I spend a lot of my time waiting. I wait for Laylee to go to the bathroom, for the water to boil, for the doctor to “see me now.” I wait.
My grandma spent 20 years waiting, waiting to die, waiting to be with her Joseph again. His name was constantly in her mind and on her lips. She sure loved and adored him. Especially in her later years of dementia, she called for him constantly and begged to go herself and be with him. She waited.
For the past few days our family has been waiting. We’ve been waiting for our aunt and dear friend J to leave this world so we could all start waiting to see her again. As of a couple of hours ago, the waiting is over and now it begins again.
Her husband can wait to learn what “normal” is without her. Her children, including a son still in grade school, can wait for the urge to call out for their mother to subside. Her granddaughter doesn’t know she’s waiting yet. She will learn.
Now I wait for someone to find a cure for cancer. My mother-in-law refused to wait. From the minute Aunt J was diagnosed, Pam has been searching tirelessly for some little-know cure, calling specialists all over the country.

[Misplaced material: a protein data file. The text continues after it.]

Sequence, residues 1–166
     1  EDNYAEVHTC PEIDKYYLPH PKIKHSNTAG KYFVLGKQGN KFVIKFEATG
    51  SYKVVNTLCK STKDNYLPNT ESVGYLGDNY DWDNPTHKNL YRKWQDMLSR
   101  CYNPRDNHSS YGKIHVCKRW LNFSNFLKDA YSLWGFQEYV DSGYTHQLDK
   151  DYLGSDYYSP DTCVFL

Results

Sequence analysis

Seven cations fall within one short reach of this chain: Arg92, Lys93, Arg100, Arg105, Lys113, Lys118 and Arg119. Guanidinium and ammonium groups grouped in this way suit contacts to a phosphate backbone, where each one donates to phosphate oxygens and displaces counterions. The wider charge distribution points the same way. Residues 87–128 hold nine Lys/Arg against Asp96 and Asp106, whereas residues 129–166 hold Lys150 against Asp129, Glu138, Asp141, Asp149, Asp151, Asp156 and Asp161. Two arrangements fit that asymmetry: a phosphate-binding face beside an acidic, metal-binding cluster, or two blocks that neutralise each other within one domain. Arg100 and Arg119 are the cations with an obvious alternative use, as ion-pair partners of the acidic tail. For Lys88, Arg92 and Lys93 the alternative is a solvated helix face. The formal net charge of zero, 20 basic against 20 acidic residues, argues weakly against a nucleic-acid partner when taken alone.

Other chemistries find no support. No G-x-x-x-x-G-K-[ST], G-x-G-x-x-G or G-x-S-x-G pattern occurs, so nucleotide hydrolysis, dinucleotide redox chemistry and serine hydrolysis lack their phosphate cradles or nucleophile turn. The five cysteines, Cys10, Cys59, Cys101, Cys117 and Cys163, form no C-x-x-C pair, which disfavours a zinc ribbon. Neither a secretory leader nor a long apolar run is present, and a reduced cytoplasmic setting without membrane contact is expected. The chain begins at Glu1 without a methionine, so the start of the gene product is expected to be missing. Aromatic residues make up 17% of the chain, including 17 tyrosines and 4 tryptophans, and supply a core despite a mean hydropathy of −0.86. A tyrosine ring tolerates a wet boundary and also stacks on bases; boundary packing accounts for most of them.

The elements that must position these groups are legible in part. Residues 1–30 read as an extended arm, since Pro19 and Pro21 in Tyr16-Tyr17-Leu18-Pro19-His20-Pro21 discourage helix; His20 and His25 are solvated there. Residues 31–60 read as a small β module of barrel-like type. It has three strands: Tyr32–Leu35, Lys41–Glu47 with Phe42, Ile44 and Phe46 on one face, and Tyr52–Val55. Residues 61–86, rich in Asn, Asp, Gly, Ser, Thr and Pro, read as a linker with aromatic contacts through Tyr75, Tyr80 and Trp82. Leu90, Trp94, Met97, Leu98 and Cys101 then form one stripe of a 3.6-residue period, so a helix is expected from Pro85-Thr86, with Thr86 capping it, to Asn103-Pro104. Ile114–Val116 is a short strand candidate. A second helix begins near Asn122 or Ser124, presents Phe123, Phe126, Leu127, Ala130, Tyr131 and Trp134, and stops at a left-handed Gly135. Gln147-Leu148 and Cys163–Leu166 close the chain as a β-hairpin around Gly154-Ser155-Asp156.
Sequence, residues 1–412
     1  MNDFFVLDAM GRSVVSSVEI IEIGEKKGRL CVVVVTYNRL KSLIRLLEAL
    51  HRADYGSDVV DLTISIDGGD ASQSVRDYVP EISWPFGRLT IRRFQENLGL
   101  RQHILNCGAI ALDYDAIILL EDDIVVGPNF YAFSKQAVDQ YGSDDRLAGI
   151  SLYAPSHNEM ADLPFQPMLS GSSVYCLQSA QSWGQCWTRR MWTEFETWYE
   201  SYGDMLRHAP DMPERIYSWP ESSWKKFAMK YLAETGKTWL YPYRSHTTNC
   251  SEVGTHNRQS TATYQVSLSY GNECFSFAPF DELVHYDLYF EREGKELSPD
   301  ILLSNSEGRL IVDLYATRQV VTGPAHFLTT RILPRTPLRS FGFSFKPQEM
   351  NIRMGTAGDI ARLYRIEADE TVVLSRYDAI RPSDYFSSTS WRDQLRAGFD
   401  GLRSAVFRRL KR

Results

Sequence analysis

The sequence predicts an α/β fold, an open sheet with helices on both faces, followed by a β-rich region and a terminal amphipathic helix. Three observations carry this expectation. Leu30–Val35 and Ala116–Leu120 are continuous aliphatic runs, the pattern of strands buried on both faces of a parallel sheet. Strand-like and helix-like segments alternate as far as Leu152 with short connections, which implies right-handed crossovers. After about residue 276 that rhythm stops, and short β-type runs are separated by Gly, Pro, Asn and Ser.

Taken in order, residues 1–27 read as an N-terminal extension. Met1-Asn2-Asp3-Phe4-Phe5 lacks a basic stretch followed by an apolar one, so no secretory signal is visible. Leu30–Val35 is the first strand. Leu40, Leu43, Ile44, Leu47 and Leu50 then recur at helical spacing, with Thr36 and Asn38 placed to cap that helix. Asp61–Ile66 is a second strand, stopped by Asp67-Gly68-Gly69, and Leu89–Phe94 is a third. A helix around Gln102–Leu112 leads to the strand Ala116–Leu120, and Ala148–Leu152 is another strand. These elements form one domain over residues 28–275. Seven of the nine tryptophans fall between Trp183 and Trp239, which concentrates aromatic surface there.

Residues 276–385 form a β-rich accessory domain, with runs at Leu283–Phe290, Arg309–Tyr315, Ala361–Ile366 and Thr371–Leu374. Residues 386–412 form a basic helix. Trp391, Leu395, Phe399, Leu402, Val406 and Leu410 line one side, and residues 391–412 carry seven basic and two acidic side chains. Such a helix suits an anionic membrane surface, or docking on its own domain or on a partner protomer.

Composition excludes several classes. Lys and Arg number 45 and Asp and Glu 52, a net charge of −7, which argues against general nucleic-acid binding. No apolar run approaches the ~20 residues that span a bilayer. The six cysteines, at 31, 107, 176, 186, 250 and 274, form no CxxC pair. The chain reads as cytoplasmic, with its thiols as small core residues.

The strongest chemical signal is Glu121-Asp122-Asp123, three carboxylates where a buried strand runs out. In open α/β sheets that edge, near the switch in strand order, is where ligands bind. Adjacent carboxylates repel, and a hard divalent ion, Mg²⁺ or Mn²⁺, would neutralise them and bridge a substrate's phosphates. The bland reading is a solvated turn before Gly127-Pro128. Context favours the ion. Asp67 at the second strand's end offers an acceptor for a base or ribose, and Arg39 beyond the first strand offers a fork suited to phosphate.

I wait for understanding. Every person I have loved who has been diagnosed with this disease has been taken by it. Every one was a wife, a mother and a much-needed friend. In a way I feel like I’m just waiting for the next person to go.
When I tried to explain death to Laylee, who is still waiting for me to stop crying, I told her that we knew Aunt J’s spirit had left her body but that she is with Heavenly Father now. She is no longer in pain and she is happy. I told her we were still sad because many of us on earth will miss her.
People always talk about the deceased person being happier where they are. I wonder, does their heart ache for their loved ones the way we ache for them?
Laylee asked if we could please please go see Heavenly Father too. She did specify that if she goes, she wants Dad, Mom and Magoo to go with her.
No waiting for any of us. It sounds like a plan.